An employee of Portofino restaurant in downtown Lexington is named as a defendant in a civil lawsuit that seeks damages for battery and false imprisonment against a teen-age girl during an alleged incident on Nov. 5.
Abigail Gates, mother of the girl, alleges in the suit that Michael Robinson “physically attacked” the girl “when he used his hands to savagely beat her in downtown Lexington.”
The suit does not name the restaurant or its owners as defendants. Lexington attorney Richard Getty, who represents Robinson and Portofino, said: “I don’t think there is any basis for the claims. … Based on what I have seen in terms of evidence, I do not believe there is any basis to have in good faith asserted these claims. I believe, ultimately, at the appropriate time, the court will dismiss them.”
The suit, filed Wednesday in Fayette Circuit Court, also alleges that Robinson attempted to take away a backpack from the girl “in a harmful and/or unlawful offensive manner.”
The suit alleges that Robinson committed false imprisonment when he “with malice unlawfully and forcefully physically restrained” the girl “so that she was not free to leave.”
The suit claims that Robinson called the girl and her 16-year-old sister “nigger bitches” in their presence.
William L. Davis, the Lexington attorney who filed the suit on behalf of Gates, could not be immediately reached Monday for comment.
No one has been charged in the case, and police are waiting for surveillance video from nearby Chase Bank, said police spokeswoman Brenna Angel. Robinson is still employed by Portofino, Getty said.
The incident allegedly happened after a fashion photo shoot near the Main Street restaurant. Three black Henry Clay High School students claimed that a white manager from Portofino accused them of stealing a jacket before chasing them on foot through part of downtown Lexington.
“Michael Robinson, as an agent of Portofino, had an absolute right to pursue and retrieve or attempt to retrieve the jacket that was stolen,” Getty said. He cited a Kentucky law that says physical force is justifiable when a person believes that such force “is immediately necessary” to prevent a robbery, burglary or other felony.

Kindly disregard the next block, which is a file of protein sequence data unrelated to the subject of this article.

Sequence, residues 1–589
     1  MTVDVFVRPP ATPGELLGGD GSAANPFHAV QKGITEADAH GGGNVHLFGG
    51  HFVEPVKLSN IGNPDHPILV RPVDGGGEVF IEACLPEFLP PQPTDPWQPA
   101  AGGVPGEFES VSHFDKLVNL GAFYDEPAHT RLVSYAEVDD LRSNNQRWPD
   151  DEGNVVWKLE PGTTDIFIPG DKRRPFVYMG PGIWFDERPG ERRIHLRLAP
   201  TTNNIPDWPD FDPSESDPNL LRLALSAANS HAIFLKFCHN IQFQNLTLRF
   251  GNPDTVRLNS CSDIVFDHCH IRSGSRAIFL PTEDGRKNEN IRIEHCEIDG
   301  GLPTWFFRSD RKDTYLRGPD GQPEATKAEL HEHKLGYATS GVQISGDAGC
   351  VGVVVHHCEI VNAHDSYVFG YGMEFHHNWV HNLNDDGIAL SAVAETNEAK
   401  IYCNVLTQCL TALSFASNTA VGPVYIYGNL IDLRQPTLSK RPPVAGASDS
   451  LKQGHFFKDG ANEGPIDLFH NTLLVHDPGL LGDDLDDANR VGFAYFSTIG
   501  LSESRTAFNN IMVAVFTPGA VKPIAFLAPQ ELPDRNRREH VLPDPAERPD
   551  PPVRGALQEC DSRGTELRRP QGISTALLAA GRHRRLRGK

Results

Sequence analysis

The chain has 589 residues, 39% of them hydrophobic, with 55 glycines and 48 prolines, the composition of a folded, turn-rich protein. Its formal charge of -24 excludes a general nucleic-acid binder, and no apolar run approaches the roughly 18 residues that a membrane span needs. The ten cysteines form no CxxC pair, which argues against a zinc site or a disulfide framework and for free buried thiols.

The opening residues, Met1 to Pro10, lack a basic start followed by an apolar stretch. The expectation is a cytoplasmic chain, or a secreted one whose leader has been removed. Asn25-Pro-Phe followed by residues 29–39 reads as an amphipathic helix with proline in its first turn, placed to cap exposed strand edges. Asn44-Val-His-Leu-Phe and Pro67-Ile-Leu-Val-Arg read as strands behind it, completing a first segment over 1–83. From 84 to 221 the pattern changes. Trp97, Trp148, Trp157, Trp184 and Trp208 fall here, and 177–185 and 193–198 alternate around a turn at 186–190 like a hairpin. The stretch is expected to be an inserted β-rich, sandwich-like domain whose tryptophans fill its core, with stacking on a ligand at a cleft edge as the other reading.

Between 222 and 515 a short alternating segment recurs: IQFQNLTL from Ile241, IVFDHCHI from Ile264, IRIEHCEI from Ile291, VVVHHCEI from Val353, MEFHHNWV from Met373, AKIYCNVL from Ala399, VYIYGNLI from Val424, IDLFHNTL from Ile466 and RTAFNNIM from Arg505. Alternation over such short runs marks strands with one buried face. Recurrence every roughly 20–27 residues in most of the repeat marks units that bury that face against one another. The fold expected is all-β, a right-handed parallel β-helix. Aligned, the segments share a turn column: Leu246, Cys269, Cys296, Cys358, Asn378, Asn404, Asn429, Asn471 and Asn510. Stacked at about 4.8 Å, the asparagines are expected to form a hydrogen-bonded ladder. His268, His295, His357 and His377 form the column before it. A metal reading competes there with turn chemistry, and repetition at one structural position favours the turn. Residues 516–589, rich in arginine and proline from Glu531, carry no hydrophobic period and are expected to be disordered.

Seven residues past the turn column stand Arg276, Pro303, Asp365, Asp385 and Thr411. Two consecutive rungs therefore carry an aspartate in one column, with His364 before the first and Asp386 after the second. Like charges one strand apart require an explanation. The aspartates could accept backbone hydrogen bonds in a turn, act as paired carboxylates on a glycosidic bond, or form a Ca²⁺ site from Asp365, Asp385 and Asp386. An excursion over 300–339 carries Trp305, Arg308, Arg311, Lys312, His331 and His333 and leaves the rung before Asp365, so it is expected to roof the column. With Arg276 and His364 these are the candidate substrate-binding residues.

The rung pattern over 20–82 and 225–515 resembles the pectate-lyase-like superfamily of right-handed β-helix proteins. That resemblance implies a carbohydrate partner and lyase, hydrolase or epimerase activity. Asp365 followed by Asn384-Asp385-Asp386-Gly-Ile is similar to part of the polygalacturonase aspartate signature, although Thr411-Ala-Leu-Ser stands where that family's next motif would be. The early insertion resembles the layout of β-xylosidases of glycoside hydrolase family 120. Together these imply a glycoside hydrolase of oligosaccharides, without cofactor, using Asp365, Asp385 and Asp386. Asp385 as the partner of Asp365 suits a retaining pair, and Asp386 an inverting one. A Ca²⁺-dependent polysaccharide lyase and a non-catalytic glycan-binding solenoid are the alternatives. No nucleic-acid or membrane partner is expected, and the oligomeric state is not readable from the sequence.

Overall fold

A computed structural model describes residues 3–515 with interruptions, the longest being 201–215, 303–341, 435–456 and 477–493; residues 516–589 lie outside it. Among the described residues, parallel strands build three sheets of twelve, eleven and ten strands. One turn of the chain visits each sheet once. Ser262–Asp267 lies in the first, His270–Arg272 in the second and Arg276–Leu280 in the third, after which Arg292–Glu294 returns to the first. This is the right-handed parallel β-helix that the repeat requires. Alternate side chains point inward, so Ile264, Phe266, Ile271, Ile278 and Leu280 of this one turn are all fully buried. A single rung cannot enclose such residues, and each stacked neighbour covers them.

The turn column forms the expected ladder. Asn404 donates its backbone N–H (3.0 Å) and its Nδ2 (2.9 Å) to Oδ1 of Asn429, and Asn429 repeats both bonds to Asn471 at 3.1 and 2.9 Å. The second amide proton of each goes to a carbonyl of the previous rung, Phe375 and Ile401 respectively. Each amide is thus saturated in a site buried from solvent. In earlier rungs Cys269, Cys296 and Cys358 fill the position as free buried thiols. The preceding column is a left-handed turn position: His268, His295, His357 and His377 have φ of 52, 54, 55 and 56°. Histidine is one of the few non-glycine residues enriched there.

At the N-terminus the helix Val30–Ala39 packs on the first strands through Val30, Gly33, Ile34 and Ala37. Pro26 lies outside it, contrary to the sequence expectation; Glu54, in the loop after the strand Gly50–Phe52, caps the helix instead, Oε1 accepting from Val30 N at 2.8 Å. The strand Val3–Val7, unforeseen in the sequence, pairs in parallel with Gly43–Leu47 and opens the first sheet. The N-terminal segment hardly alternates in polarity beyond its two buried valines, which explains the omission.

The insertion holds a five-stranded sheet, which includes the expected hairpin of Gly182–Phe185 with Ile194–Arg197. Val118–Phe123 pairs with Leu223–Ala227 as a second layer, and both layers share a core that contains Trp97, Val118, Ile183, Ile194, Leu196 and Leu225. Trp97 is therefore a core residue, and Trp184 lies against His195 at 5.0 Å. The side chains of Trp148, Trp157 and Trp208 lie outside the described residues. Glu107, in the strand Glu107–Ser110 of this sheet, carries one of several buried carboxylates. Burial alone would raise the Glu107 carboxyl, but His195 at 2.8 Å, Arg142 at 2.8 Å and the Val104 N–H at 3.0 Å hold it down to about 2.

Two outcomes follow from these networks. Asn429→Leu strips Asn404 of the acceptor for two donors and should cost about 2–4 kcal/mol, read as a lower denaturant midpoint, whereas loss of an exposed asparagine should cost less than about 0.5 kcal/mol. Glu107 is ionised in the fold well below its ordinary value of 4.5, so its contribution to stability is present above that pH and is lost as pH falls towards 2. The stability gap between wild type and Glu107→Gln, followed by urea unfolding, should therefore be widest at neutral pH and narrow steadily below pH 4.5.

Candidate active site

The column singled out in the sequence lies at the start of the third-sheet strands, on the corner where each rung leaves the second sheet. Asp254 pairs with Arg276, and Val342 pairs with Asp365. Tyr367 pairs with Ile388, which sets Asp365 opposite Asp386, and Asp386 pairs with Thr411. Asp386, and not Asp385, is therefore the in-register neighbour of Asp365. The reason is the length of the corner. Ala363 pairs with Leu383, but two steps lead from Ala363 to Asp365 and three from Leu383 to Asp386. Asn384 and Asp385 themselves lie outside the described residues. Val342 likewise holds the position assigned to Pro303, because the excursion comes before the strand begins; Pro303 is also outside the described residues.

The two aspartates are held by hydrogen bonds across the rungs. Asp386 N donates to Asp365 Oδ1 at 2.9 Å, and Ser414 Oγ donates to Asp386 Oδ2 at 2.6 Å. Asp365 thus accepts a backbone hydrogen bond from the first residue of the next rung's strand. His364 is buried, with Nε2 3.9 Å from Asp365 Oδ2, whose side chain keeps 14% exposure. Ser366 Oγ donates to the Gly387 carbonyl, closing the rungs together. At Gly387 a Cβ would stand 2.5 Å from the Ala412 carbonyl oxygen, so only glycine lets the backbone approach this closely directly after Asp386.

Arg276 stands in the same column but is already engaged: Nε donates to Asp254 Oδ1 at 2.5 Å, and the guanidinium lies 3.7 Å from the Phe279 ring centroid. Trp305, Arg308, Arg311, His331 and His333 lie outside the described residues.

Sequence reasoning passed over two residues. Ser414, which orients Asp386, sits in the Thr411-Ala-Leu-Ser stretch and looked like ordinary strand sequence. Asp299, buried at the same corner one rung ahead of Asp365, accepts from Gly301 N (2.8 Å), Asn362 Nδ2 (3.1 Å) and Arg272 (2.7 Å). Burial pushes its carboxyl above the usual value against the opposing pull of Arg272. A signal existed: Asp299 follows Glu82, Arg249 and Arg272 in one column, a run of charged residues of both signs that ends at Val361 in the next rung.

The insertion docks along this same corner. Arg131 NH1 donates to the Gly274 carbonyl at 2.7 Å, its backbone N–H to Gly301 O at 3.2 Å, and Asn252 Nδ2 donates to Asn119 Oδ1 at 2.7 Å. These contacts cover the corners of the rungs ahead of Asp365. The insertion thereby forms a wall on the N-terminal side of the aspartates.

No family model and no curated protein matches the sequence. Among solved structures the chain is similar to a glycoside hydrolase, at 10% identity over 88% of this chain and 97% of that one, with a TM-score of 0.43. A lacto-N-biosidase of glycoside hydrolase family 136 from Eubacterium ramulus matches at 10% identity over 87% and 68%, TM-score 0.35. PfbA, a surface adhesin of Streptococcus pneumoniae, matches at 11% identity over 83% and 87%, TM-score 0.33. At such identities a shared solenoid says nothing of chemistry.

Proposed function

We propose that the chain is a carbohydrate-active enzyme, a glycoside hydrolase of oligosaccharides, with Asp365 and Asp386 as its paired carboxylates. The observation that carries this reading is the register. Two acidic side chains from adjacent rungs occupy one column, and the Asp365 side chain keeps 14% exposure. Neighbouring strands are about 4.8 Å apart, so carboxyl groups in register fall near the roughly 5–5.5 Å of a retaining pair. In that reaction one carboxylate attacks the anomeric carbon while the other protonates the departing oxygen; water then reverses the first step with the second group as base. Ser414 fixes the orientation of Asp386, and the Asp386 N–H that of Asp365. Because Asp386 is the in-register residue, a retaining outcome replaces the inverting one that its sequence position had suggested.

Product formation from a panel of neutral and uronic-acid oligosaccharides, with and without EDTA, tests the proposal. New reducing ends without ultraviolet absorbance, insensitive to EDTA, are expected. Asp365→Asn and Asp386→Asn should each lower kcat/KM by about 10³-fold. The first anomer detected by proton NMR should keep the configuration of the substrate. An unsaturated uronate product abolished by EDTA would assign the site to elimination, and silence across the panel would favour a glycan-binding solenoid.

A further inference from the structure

Getty said a third girl gave a statement to police acknowledging the jacket had been taken and was in the backpack of another girl. “There’s not any question the jacket was stolen and did end up in that bag,” Getty said.
The jacket was later found inside a cigarette butt receptacle by a maintenance person affiliated with Chase Bank, Getty said.
The mother of the third girl went to Portofino restaurant owner Wayne Masterman and apologized to him, Getty said. The mother “told Wayne Masterman that her daughter had basically recanted and (the daughter) also said that nobody laid a hand on her,” Getty said.
The third girl had suffered a head wound after tripping over a chain that blocked off an entrance to Chase Bank on Esplanade, Getty said.
Videos already in the possession of police and seen by Getty show “nothing more than Michael Robinson using reasonable force to try and retrieve the jacket,” Getty said.
Getty said he believes Abigail Gates saw the same evidence. “They saw the same videos that showed absolutely nothing inappropriate in terms of action by my client or anyone else, and they still went out and filed this lawsuit,” Getty said.
Getty also said Robinson did not use racial epithets against Gates’ daughter.
The suit says Gates’ daughter suffered a cervical strain, contusions to her body, physical pain and suffering and mental pain and suffering. The girl received “healthcare attention” at St. Joseph East Hospital, the suit says.
The suit seeks, among other things, compensatory and punitive damages, court costs and a trial by jury. The case has been assigned to Fayette Circuit Court Judge Pamela Goodwine.
Meanwhile, Robinson was listed as a victim in a general investigative report released Monday by Lexington police after the Herald-Leader filed an open records request.
The report says that police investigated a report of third-degree terroristic threatening on Nov. 5 after “unknown suspects threatened to commit crimes that would likely result in the death or serious physical injury to” Robinson.
Another report says that Robinson told police that “unknown subjects assaulted him causing minor injury.”
That report also says a woman told police that “an unknown subject unlawfully took her coat from her place of employment. The value of the coat is $68.”